Montana/Dakotas

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Air Force Group Honored for Volunteer Service

by Ann Boucher, Montana State Office

Air Force members and BLM employees at award ceremony 

Park Ranger Mark Schaefer, Acting Associate State Director Diane Friez, Colonel Steve Asher, Chief Master Sergeant Larry Wilson, and BLM Deputy Director Henri Bisson at the Making a Difference volunteer awards ceremony in Washington, D.C.
BLM photo

Asher and Wilson  

Colonel Steve Asher and Chief Master Sergeant Larry Wilson.
BLM photo
On duty, one of their jobs is to provide security around the missiles scattered across thousands of acres in Montana; off duty, they’ve donated hundreds of hours toward the maintenance of public lands and the safety and comfort of its visitors.

Their outstanding volunteer contributions earned the 341st Security Forces Group from Malmstrom Air Force Base the BLM’s annual Making a Difference national volunteer award. Colonel Steve Asher and Chief Master Sergeant Larry Wilson accepted the award on behalf of the entire group during a special ceremony in Washington, D.C., on May 8.

The successful volunteer partnership started as a tailgate brainstorming session. In 2006, Chief Wilson attended the National Public Lands Day event at Wood Bottom in central Montana. While visiting with Mark Schaefer, BLM park ranger and retired Air Force security forces manager, and Wade Brown, BLM river manager, he learned of other needs along the river. At the time, the Fort Benton River Management Station had a particularly limited budget and sparse seasonal staff.

Chief Wilson recruited some of his troops – enough to double BLM’s workforce – to conduct patrols on the Upper Missouri River. They accompanied BLM park rangers on river patrols and cleaned facilities, provided visitor contacts, registered boaters, conducted Wilderness Study Area surveillance, and performed campsite maintenance. In addition, they erected campsite identification signs at 19 remote locations along a 149-mile stretch of the river, dismantled livestock exclusion fencing, and assisted with seasonal closedown operations in primary developed campgrounds.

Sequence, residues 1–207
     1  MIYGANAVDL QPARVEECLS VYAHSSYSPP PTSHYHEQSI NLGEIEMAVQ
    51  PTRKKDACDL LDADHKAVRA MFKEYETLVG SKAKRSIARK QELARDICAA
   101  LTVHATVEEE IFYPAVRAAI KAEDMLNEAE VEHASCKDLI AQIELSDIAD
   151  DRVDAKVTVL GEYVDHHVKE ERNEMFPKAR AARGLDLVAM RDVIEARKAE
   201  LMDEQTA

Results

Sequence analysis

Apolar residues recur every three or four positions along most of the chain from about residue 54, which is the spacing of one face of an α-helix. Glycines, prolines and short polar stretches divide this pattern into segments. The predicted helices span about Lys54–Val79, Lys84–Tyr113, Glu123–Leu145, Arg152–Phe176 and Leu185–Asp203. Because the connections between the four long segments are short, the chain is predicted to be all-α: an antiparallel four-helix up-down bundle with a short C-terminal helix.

The partnership continued and expanded in 2007, again doubling BLM’s seasonal workforce and allowing BLM to maintain a visible presence on the river. Further, 124 members of the unit pulled down and removed unserviceable barbed wire fencing to improve the habitat at Wood Bottom Recreation Area. A project that was expected to take several more years was nearly finished in just four days.

While this partnership was initially a windfall for the Fort Benton River Management Station, other offices in the region are now capitalizing on its success. The BLM Butte Field Office recruited Malmstrom volunteers to paint administrative buildings and otherwise spruce up Log Gulch Campground on Holter Lake, a popular recreation area near Helena. They have also helped build a fence in rough terrain to keep livestock out of the Humbug Spires Wilderness Study Area.

Colonel Steve Asher is the commanding officer and Chief Master Sergeant Larry Wilson is the security forces manager. They command more than 1,200 men and women assigned to the 341st Security Forces Group, whose primary function is to provide security and law enforcement protection to the Intercontinental Ballistic Missile Systems located throughout a 23,000-square mile portion of Montana, as well as Malmstrom Air Force Base in Great Falls. It should be noted that some of our volunteers from this group are now serving in various locations throughout Iraq and Afghanistan. 

Chief Wilson was one of the original members of that first tailgate brainstorming session, and Colonel Asher personally led the volunteers in the Wood Bottom fence project and conducted river patrols. His leadership by example was crucial to the success of this entire effort.

Colonel Asher, Chief Wilson, and the 341st Security Forces Group’s volunteerism and willingness to make a difference on our public lands have been extraordinary. Both the Fort Benton and Butte field offices look forward to their assistance in the years to come.